Scotland's first minister has chosen his new cabinet after being sworn in to the top job at a ceremony in Edinburgh.
Jack McConnell was sworn in at the Court of Session
Jack McConnell, who was last week elected as first minister in the Labour and Liberal Democrat coalition government, cut the number of ministers as part of his reshuffle.
Deputy First Minister Jim Wallace takes over at enterprise and lifelong learning, replacing Iain Gray - who lost his seat at the election.
Former education minister Cathy Jamieson takes over the Lib Dem leader's old justice portfolio.
She said that her new brief represented a "very big challenge".
"The important thing is we move on the agenda we laid out during the election campaign and the coalition talks," said the Labour MSP.
I believe that a reduction in salaried cabinet ministers and deputies was justified but will not prevent us from being fully accountable and effective
"I am certainly looking forward to taking that agenda forward."
Ms Jamieson's old post is taken over by Labour's Peter Peacock, who was deputy finance minister in the previous administration.
He said: "Education is a very exciting agenda, with the biggest school building programme we have seen in over 100 years."
The number of ministers has been slimmed down from 20 to 18, although the size of the cabinet has increased from 10 to 11.
Labour's Frank McAveety and Lib Dem MSP Nicol Stephen will sit in cabinet on deputy ministers' salaries.
Mr McAveety takes over responsibility for tourism, culture and sport, while Mr Stephen takes charge of transport.
Mike Watson, who was minister for tourism in the previous administration, has been sacked from the cabinet.
Liberal Democrat Ross Finnie remains as minister for rural affairs and environment.
He said: "I have enjoyed the last four years and I am looking forward to the next four years."
Labour's Malcolm Chisholm said he was "very pleased" to retain his position as health minister.
Cathy Jamieson has taken over the justice brief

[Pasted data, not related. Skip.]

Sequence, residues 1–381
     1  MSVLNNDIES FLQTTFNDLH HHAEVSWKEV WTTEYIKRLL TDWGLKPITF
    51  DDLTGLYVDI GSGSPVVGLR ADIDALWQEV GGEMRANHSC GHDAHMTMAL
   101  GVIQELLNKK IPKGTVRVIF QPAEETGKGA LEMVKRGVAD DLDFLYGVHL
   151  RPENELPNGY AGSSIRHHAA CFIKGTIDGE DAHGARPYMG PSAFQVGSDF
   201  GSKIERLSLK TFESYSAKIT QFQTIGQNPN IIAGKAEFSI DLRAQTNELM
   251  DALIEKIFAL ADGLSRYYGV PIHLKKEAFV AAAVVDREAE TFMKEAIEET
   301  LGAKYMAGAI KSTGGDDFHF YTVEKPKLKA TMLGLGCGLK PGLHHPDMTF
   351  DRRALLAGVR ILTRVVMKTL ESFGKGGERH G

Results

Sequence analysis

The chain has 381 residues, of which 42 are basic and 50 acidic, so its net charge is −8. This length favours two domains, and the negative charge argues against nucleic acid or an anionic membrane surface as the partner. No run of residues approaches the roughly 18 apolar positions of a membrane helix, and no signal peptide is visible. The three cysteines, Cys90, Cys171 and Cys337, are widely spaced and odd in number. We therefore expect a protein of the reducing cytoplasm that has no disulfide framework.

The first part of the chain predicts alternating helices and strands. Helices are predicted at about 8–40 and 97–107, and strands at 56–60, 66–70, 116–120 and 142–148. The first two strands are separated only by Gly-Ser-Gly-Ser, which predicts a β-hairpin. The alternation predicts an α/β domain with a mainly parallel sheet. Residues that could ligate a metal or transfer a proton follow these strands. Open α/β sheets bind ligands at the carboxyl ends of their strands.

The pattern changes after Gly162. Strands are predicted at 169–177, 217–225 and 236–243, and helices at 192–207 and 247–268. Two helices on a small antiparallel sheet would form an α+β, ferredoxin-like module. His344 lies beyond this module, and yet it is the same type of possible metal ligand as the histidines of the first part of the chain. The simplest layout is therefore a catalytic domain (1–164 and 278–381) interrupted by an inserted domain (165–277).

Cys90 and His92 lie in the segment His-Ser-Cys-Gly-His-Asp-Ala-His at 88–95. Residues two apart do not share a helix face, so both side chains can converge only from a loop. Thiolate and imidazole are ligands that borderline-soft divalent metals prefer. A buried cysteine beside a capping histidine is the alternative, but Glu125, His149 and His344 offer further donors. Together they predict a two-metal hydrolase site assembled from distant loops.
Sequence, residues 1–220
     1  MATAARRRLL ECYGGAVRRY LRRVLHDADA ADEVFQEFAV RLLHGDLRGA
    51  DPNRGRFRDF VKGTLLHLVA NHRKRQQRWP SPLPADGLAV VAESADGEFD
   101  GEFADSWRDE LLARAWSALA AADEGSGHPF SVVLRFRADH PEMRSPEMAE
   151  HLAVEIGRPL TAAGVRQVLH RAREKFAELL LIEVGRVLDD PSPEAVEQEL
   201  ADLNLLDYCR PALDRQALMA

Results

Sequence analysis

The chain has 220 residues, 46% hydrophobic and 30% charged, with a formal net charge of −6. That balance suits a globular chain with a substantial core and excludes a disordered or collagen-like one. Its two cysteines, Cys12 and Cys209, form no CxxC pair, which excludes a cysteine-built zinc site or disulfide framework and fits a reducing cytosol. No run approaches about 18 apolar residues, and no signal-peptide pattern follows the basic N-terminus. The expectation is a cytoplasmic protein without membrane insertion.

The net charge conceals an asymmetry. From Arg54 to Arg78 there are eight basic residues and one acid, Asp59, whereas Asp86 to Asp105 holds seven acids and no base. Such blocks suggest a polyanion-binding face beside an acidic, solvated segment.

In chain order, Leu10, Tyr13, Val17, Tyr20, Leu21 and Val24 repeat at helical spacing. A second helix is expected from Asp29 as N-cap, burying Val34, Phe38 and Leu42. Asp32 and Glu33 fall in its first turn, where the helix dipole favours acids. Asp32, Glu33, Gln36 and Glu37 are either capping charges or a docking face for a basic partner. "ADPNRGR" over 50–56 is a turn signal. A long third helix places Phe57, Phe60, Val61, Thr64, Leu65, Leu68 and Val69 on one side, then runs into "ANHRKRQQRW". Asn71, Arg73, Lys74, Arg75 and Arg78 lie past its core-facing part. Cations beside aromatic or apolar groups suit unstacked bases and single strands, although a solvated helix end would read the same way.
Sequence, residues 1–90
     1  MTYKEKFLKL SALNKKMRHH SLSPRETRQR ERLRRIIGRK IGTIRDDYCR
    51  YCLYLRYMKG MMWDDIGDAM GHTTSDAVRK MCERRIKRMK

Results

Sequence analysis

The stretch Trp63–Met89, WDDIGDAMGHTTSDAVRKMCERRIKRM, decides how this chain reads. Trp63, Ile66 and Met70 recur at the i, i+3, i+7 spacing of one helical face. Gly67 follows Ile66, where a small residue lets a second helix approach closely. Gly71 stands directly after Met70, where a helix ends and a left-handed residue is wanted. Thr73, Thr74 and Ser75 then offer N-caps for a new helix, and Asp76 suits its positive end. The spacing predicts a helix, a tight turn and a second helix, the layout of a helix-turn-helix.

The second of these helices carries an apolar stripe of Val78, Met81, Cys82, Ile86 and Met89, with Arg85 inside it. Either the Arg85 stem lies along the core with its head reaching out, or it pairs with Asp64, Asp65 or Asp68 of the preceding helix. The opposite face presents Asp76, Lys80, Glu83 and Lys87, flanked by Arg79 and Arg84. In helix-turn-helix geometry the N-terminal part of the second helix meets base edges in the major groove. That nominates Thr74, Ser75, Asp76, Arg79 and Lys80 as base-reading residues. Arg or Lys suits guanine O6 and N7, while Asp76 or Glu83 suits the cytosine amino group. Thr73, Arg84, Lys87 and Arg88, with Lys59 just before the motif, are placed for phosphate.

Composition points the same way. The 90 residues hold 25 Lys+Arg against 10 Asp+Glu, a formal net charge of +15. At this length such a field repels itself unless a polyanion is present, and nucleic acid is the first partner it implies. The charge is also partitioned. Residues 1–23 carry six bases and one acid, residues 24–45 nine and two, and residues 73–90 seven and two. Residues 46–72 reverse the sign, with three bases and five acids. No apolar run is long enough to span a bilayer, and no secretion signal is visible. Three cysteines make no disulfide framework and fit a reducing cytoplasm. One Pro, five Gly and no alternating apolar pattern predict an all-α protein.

"It's a very important portfolio and I'm looking forward to getting back to business right away," he said.
His party colleague Andy Kerr has retained the finance portfolio, while Labour's Patricia Ferguson stays as parliamentary business minister.
Labour's Margaret Curran's former social justice brief has been renamed and she becomes minister for communities.
The position of the two present law officers, Lord Advocate Colin Boyd and Solicitor General Elish Angolini, remains unchanged.
After announcing the appointments, Mr McConnell said the parliament had a chance to change Scotland for the good.
"The high expectations people had for the parliament must be realised," he said.
"The team I have appointed today will help achieve that by raising their game, listening to the people of Scotland and delivering real improvements in services and the law."
He added that he had listened to the public's message about the size of government.
"I believe that a reduction in salaried cabinet ministers and deputies was justified but will not prevent us from being fully accountable and effective," he said.
Mr Wallace said Labour and the Lib Dems had been working hard to lay the foundations for a sucessful second term.
"A partnership agreement has been signed and we now have the people in place to take forward that agreement," he said.
"I believe these foundations are very strong and it is now time to build on these and get down to work for the people of Scotland."
Before revealing the cabinet's make-up, Mr McConnell was sworn in as first minister by judges at the Court of Session in the capital.
Mr McConnell took the oath of allegiance and was appointed as Keeper of the Great Seal for Scotland.